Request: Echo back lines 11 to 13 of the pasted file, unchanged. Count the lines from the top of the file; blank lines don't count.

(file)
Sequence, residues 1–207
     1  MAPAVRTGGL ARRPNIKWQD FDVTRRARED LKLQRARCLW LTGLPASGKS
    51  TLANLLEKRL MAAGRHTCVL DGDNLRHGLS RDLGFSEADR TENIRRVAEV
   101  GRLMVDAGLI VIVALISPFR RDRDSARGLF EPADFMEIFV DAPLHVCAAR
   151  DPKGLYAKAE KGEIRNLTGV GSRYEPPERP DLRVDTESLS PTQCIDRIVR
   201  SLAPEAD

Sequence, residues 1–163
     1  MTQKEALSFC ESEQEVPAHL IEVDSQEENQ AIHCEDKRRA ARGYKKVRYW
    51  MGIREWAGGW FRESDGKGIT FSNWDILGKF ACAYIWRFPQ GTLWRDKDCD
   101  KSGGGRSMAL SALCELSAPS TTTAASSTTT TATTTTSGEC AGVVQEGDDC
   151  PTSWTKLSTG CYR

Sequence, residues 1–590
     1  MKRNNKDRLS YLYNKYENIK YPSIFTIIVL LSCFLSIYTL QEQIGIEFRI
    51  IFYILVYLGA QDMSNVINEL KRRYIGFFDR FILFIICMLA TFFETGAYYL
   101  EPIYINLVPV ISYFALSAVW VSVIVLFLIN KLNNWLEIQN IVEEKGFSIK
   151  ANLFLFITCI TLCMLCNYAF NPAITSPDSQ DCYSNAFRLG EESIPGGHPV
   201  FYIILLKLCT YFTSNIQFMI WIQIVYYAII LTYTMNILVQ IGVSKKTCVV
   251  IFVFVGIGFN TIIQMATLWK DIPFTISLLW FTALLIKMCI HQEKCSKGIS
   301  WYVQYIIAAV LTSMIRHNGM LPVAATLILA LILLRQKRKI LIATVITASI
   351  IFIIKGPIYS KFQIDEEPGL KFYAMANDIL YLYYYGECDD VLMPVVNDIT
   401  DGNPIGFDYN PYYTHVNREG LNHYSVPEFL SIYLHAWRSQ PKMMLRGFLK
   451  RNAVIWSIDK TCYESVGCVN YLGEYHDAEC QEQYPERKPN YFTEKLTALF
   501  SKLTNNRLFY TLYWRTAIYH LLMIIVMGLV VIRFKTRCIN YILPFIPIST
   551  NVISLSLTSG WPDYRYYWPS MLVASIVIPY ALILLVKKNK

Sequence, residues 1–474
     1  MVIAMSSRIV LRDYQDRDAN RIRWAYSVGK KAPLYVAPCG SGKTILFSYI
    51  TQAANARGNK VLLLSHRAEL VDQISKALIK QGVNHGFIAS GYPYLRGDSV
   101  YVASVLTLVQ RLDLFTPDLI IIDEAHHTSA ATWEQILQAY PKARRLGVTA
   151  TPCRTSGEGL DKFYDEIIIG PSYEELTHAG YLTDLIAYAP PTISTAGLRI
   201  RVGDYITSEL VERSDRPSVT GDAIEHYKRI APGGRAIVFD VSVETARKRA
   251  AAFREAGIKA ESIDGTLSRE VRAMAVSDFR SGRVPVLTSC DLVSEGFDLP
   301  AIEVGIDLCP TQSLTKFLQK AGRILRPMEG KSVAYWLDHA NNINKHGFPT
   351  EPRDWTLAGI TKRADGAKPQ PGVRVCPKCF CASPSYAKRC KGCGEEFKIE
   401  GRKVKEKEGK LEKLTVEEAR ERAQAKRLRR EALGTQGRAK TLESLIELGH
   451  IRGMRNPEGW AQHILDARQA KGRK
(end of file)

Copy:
   151  PTSWTKLSTG CYR

Sequence, residues 1–590
     1  MKRNNKDRLS YLYNKYENIK YPSIFTIIVL LSCFLSIYTL QEQIGIEFRI